Lù Jì appellation Gōngjì was a Wú-jùn Wú man. His father [Lù] Kāng at the end of Hàn became Administrator of Lújiāng. (1)
- Xiè Chéng Hòuhànshū states: Kāng appellation Jìníng. When young he was honest and filial and fraternal, diligent in learning and in student conduct. Administrator Lǐ Sù examined him as Xiàolián “Filial and Incorrupt.” Sù later for a matter was executed. Kāng collected the corpse and escorted the body back to Yǐngchuān, performed mourning, the Rites completed, he was nominated as Màocái “Abundant Talent,” successively was Administrator of three prefectures, in each place praised for governance, and afterward appointed Administrator of Lújiāng.
Jì was aged six years, and at Jiǔjiāng met Yuán Shù. Shù gave oranges, but Jì put three in his bosom, was leaving, bowed to take leave and they fell to the ground, and Shù said: “Young gentleman Lù, you are my guest and yet take my oranges?” Jì knelt and answered: “I wished to go back to give them to my mother.” Shù was greatly impressed with him.
Sūn Cè was at Wú. Zhāng Zhāo, Zhāng Hóng, and Qín Sōng were the top retainers, together discussed that the Four Seas were not yet tranquil, and that they needed to use military power to govern and pacify it. Jì was the youngest and seated at the end, and from far away loudly said: “In the past Guǎn Yíwú was Chancellor to Qí Huán-gōng, united all the vassal lords, rectified all the realm Under Heaven, and did not use troops and chariots. Kǒng-zǐ said: ‘When distant peoples do not submit, then repair culture and virtue in order to have them come.’ Now commentators do not attend to seek the method of using principle and virtue, and instead only esteem military power. Though I am young and uneducated, I cannot be at ease.” Zhāo and the rest were surprised.
Jì’s appearance were majestic, was extensively learned with much knowledge. In astronomy, calendar calculation, and mathematics, none he did not study. Yú Fān among elders had flourishing reputation, Páng Tǒng was a Jīngzhōu honored scholar, and his age also greater, but both were with Jì friendly.
When Sūn Quán managed affairs , he was recruited as Memorial Department Official, for his upright principle met with dislike, was sent out as Administrator of Yùlín, made Deputy-General, and given troops 2000 men. Jì had crippled legs, and also had the intention to be scholarly and refined, so this was not his ambition. Though he was involved in military affairs, he did not abandon his writings, made a star map, a commentary on the Yì to explain the mysterious, and all were passed through the generations.
He calculated his own death day, and therefore wrote a farewell: “There was a Hàn ambitious scholar Lù Jì of Wú-jùn. When young he esteemed the Shī and Shū, when grown he toyed with the Lǐ and Yì, received orders to campaign south, unexpectedly fell ill and met distress, encountered the destiny of being short-lived. Alas, how tragic!” It also said: “From now onward, after over sixty years, chariots will travel together and books will be the same writings [i.e. reunification will be achieved], and I regret that I will not see it.”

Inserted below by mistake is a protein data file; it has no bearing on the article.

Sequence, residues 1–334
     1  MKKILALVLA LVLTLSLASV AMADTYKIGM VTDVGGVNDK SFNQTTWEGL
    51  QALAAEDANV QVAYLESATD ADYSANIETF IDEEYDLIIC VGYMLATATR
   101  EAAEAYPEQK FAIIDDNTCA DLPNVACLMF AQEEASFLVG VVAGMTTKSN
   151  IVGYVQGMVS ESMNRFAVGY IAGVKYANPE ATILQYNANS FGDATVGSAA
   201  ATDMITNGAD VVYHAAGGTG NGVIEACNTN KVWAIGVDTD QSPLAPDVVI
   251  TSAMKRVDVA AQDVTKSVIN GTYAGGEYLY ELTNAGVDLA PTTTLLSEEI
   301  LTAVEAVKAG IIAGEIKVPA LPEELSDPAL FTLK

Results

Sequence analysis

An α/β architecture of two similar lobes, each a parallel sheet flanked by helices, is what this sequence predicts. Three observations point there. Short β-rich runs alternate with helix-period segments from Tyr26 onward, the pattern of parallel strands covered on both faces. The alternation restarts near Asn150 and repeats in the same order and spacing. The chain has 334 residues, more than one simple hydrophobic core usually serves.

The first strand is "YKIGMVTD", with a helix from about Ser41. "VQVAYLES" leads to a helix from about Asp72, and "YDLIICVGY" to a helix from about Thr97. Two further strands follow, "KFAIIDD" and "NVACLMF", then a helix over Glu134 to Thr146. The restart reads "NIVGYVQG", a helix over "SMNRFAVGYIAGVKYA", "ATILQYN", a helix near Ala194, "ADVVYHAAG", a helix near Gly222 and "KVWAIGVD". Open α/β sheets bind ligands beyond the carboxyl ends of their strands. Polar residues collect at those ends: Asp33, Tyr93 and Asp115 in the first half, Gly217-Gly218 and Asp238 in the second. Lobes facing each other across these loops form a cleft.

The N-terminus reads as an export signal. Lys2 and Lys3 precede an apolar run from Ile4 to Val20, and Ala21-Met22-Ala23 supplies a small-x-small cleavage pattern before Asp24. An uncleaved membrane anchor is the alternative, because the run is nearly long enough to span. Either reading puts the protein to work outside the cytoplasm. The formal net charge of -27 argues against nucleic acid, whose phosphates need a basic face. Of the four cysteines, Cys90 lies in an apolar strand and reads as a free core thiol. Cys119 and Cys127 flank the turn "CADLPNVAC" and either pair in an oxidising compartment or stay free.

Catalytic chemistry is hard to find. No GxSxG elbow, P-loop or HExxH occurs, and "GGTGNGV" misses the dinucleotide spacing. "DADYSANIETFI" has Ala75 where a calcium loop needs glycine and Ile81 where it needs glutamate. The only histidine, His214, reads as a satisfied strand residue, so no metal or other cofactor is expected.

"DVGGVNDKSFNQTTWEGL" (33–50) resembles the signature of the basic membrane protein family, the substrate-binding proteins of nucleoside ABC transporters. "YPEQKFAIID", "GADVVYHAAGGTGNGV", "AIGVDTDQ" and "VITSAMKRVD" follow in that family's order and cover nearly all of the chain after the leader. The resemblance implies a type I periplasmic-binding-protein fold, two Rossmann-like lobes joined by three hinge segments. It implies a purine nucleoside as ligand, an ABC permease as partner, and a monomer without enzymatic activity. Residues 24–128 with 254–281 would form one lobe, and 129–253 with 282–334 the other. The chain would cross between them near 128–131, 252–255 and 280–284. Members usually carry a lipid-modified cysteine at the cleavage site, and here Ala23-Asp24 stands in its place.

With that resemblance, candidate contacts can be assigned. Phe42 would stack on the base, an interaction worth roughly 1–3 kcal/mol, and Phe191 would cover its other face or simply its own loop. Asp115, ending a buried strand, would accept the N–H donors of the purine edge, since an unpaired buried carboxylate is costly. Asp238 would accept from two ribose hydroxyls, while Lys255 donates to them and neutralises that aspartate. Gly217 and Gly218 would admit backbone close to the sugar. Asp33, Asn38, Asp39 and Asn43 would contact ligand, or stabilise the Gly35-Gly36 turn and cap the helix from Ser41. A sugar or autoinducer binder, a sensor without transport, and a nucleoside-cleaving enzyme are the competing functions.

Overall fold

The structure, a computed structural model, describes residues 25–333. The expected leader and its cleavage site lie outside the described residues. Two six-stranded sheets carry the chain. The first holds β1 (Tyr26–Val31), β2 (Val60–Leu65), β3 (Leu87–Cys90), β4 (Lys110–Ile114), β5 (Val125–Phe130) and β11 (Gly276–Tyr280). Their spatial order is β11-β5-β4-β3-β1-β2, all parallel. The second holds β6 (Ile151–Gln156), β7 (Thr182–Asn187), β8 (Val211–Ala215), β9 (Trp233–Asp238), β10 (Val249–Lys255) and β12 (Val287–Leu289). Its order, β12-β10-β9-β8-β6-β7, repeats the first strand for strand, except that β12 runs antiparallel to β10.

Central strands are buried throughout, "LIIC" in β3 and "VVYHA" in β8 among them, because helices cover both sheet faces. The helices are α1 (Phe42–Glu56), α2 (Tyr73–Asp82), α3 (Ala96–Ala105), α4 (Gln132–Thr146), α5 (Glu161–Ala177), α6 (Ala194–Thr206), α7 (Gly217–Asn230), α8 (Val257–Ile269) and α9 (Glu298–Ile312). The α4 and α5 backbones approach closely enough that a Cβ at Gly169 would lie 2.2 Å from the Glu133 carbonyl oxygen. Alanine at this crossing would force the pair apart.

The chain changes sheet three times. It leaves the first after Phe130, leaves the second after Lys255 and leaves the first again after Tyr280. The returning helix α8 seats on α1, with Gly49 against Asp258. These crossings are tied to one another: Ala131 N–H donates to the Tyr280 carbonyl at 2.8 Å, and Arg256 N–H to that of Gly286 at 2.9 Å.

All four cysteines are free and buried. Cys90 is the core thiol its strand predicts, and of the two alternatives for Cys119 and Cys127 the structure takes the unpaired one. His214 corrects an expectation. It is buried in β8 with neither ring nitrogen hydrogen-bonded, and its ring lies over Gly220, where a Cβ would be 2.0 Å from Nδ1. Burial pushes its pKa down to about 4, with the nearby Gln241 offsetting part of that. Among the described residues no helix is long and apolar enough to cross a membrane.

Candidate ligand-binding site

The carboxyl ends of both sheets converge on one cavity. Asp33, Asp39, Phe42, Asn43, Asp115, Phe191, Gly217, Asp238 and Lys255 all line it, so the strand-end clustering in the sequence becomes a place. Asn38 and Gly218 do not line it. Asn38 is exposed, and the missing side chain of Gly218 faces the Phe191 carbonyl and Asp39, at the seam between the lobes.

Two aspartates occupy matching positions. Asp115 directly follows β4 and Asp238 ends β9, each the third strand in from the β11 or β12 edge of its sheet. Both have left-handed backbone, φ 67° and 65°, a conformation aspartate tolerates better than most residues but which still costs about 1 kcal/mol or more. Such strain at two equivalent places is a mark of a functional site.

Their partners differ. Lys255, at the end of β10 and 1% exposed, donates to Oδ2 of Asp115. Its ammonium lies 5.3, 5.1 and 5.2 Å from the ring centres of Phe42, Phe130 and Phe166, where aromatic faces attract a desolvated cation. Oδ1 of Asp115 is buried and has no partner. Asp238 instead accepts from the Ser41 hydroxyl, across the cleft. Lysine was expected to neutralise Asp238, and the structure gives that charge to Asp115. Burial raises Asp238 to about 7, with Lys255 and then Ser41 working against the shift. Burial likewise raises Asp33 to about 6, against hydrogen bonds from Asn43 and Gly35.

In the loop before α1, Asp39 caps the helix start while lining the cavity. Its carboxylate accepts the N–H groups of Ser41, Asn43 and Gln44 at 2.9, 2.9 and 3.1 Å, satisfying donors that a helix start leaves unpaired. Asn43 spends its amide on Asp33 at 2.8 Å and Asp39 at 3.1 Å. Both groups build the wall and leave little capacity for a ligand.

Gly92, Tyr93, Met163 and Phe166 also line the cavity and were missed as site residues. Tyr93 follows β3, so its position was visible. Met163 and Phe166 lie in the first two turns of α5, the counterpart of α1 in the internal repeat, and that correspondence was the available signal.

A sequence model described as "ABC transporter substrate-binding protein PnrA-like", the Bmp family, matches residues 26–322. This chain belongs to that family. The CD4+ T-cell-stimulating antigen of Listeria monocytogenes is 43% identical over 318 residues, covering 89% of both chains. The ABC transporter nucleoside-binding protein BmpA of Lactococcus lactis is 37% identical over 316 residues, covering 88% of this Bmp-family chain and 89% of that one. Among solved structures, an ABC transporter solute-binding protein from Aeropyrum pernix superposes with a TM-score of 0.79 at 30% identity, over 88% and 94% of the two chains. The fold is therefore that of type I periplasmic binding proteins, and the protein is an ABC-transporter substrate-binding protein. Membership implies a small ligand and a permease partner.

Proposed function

Aged thirty-two years he died . His eldest son Hóng was Kuàijī’s southern part Commandant. His next son Ruì was Cháng River Colonel. (1)
- Jì at Yùlín begat a daughter, named Yùshēng [“born at Yù(lín)”], who was betrothed to Zhāng Wēn’s younger brother [Zhāng] Bái.
- Yáo Xìn’s collected works had a memorial praising her: I your Servant have heard the governments of Táng and Yú raised the good for teaching and adorned the virtuous to promote the distinguished. What the Three Kings placed first, was loyal ministers and accomplished scholars to manifest the reputation of the State Court, and virtuous wives and pure women, to form the families and home. That was the reason behind the enterprise of enlightenment and cultivation, spreading and growing honest nature. If there is this nature, the hidden and the visible both are known, and if they harbor virtuous disposition, scholars and women together prosper. Therefore Wáng Zhú had the winter pine’s integrity and the King of Qí esteemed his neighborhood, Yìgū [“Virtuous Aunt”] sacrificed her descendants and the Marquis of Lǔ honored her gates. I your Servant have met former Administrator of Yùlín Lù Jì’s daughter Yùshēng, who from youth was chaste and special in conduct, and when young established firm integrity. Aged thirteen years she was betrothed to Zhāng Bái of the same prefecture. She attended to the Temple for three moons, the marriage rituals were not yet complete, when [Zhāng] Bái suffered a family calamity, was sent away and died in a different prefecture. Yùshēng held to manifesting integrity, her righteousness showed in her appearance, crowning all interactions, vowed to never remarry, went to Bái’s sisters among rugged terrain, treading through fire and water, intentions holding through cold adversity, righteous heart as strong as metal and stone, honest integrity like the spirits, sending off to the end with ritual, and the state’s scholars thus admired her. I your Servant have heard that manifest virtue with conduct, demonstrate conduct with nobility. If nobility is not reputed, then persuading to goodness is not rigorous, and therefore in the eulogies for great men, the men of Lǔ recorded their valor, the women of Qǐ were written of, and the men of Qí mourned and wept. I beg for the favor of this Sacred Court, to consider these previous lessons, above opening up heavenly intelligence, below giving down generous favor, and honor Yùshēng with the title Yìgū [“Virtuous Aunt”] to make known this integrity, then the Imperial manner will be solemn and unimpeded, and scholars and women will change their regard of it.”